Tuesday, April 10, 2012

a mathematically historical whodunit? (fixed)

i'm used to historical notes where an established result in the west was known earlier to russian mathematicians .. such as the Cauchy-Schwarz-Буняковский inequality 
$$\vec{a} \cdot \vec{b} \;\leq\; \|\vec{a}\| \|\vec{b}\|$$ today, however, i learned that Егoров's theorem is supposed to be the Severini-Егoров theorem [1]!
if you believe the wiki, Severini published the result in 1911 in italian, whereas Егoров wrote his article in french in 1911, which was more widely circulated.

not being fluent in italian, i didn't bother to check the first reference.  it's also worth noting that Lebesgue wrote his ph.d. thesis "Intégrale, longueur, aire" in 1902 ..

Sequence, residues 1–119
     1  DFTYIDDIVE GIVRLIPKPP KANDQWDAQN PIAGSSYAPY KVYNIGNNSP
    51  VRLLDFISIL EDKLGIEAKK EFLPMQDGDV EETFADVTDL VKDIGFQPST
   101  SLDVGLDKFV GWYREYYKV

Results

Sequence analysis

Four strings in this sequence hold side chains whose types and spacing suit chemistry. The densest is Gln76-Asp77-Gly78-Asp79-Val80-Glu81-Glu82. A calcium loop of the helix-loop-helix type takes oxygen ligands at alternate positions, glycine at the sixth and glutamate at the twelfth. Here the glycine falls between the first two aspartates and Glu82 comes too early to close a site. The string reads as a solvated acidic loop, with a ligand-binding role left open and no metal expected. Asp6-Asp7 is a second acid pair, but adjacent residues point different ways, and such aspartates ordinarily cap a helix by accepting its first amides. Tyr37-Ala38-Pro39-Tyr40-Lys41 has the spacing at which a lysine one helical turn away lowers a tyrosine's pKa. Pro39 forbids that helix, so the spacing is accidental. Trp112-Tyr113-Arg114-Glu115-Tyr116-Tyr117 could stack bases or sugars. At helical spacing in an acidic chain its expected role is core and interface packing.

.. so in that 8-year gap, could someone else have proven it first?

at any rate, enough speculation: i still have some LaTeχing to do .. (-:

[1] never mind the fact that Его́ров's theorem is usually listed as one of "Littlewood's three principles" .. so maybe the russians lost out again? \-:


Leonid said...

Just a note: the name Егоров does not have diacritical marks. What you see on his Wikipedia article is a mark that indicate which syllable is stressed. It wouldn't be used in a text, same as you wouldn't include an IPA transcription of the name Cauchy in your paper.

janus said...

thanks, L; i shall henceforth beware the dangers from cut-&-paste.